Montenegro in limbo amid leader’s resignation and ‘coup’ furore
Opposition rejects claims of attack plot with possible Russian link
Milo Djukanovic, who stepped down as Montenegro’s prime minister amid speculation over a supposed plan to seize parliament and detain him. Photograph: Savo Prelevic/AFP/Getty Images
Opposition parties in Montenegro have urged officials not to recognise the results of this month’s parliamentary election, which were marred by accusations of fraud and an alleged coup plot in which some see the hand of Russia.
The tiny Balkan state slipped into political limbo after the October 16th vote gave no party a majority and prompted prime minister Milo Djukanovic to step down, amid speculation over a supposed plan to seize parliament and detain him.
Security services in both Montenegro and neighbouring Serbia have arrested people involved in the alleged election-day plot, which Mr Djukanovic said showed the “strong involvement of foreign factors”, without giving details.
Serbian newspaper Danas cited unnamed “sources close to the government” in Belgrade saying that several Russians had been deported from the country after being detained in connection with the conspiracy.
Officials in Serbia did not confirm the report, which appeared as Nikolai Patrushev – a close ally of Russian president Vladimir Putin and secretary of the country’s security council – paid a visit to Belgrade on Wednesday.
Opposition parties claim Mr Djukanovic’s allies announced the arrests of the supposed plotters to sow panic, to encourage people not to go and vote, and to whip up fears of Russian interference in Montenegro.
Pro-EU and pro-Moscow opposition parties agree on the need to hold a referendum on whether Montenegro should join Nato – a move that Mr Djukanovic’s Democratic Party of Socialists (DPS) insists should be decided by parliament.
The opposition wants the vote to be re-run due to the impact of the coup claim on election day, and what it alleges were other major irregularities.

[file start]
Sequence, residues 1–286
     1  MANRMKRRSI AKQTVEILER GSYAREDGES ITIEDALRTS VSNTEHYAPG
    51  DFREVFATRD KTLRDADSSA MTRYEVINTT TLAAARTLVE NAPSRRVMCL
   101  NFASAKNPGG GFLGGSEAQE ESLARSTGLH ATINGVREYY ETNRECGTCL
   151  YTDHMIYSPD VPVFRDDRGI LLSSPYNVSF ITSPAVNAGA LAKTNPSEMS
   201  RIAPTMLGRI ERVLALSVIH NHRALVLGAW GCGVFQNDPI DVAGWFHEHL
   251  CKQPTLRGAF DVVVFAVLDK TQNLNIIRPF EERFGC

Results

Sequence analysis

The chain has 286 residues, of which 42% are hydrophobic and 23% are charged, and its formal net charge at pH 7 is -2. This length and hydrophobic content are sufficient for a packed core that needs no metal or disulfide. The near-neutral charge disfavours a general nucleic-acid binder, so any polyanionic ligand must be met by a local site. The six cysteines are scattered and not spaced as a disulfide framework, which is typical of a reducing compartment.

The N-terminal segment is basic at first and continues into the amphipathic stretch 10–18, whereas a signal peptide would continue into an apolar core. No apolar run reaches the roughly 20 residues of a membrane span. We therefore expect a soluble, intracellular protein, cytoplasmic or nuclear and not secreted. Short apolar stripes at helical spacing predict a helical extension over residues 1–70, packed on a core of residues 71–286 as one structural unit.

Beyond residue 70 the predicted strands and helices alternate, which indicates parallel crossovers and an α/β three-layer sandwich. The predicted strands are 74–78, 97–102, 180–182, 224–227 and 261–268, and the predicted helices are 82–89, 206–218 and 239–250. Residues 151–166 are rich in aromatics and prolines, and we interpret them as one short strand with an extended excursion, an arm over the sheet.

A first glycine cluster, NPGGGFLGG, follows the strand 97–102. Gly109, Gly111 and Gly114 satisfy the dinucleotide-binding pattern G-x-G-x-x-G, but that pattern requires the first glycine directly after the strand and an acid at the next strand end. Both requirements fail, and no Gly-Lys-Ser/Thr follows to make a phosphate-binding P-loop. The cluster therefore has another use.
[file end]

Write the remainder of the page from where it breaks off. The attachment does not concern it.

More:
In an open letter, four major opposition groups called on Montenegro’s election commission not to officially confirm the results of the vote due to continuing confusion and dispute over the alleged coup plot.
They also called on small parties representing Montenegro’s ethnic minorities – with which the DPS hopes to forge a majority in parliament – to join their protest and help make the country “a stable place in which elections do not take place under the threat of destruction of the state and constitutional order”.
Pro-western opposition leader Nebojsa Medojevic wrote on Twitter: “With the fake coup on election day, Djukanovic has done what many opposition leaders failed to do in 27 years – he has united the opposition.”
That is how long Mr Djukanovic has ruled as president and prime minister, except for two short periods when he relinquished office while remaining the country’s most influential figure.
The DPS has announced that he will not continue as premier, and a close ally has been nominated to succeed him should the party forge a ruling coalition.
Bodo Weber, a Balkans expert at the Democratisation Policy Council in Berlin, said that process might be simplified by the resignation of Mr Djukanovic, who has long denied persistent allegations of corruption.
“It would be rational to try to take one or two smaller parties from the opposition, and that would be easier without [Djukanovic]